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pawelk1986
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25 May 2021, 5:42 am

What do you think, now I am 35 years old and mild autism (Asperger Syndrome) when I was 5-11 years old I liked going to lego exhibitions, I especially liked the model queue there children could play with the controls, change the crossovers etc.

Even though my mother said then that maybe I shouldn't touch it, because on this model it was written that it was for children 10-15 years old and I was about 7 at the time, I remember that then I said that maybe I write there, but I still I am even smarter than those who are 15 years old, but my mother told me not to say that, because it is a sign of pride, and this is a sin and people may take me for an as*hole :-)

Back then my mother did not know that I had Asperger, I was wrongly diagnosed with the suspicion of ADHD, I was diagnosed with Asperger when I was 17 years old, now I am 35 years old



timf
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25 May 2021, 6:42 am

There are a number of factors in play with the scenario you describe.

The exhibit sign posted an age range that was intended to reduce the risk of damage to the exhibit. Your mother (as mothers are inclined to do) saw a prohibition. This might have been accentuated having more experience of Communism and the penalties for not following instructions.

An Asperger child might make an assessment of little risk and see no reason to be inhibited by a sign. The child might think the posted restriction had to do with intelligence and not consider that there could also be other factors such as coordination. The greater focus of Aspergers can lead children in particular to certainties that may not be fully warranted.

It can be difficult to distinguish a persons actions and determine if their motives are an inflated sense of self or if they are missing information.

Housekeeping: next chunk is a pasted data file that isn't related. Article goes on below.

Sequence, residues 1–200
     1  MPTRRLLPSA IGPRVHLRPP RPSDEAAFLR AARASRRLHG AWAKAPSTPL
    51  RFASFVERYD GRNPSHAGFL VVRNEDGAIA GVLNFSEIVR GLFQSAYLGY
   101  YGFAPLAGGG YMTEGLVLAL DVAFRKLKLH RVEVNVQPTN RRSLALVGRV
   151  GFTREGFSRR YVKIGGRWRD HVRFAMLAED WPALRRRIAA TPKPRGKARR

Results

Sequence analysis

A child praised for an ability like intellect or an accomplishment like school work, might not have a larger context in which to frame such information. As a result they might be more likely to declare their thoughts on the subject.

The child expresses what he is learning. The adult either learns a larger context that helps him understand that something like intellect is only a small part of existence or he continues to see himself as superior to others.

Arrogance in a child is often excused as bad manners or incomplete learning. Arrogance in an adult is often hidden but reflective of at best incomplete learning and more often as delusion.



pawelk1986
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25 May 2021, 8:08 am

timf wrote:
There are a number of factors in play with the scenario you describe.

The exhibit sign posted an age range that was intended to reduce the risk of damage to the exhibit. Your mother (as mothers are inclined to do) saw a prohibition. This might have been accentuated having more experience of Communism and the penalties for not following instructions.

An Asperger child might make an assessment of little risk and see no reason to be inhibited by a sign. The child might think the posted restriction had to do with intelligence and not consider that there could also be other factors such as coordination. The greater focus of Aspergers can lead children in particular to certainties that may not be fully warranted.

It can be difficult to distinguish a persons actions and determine if their motives are an inflated sense of self or if they are missing information.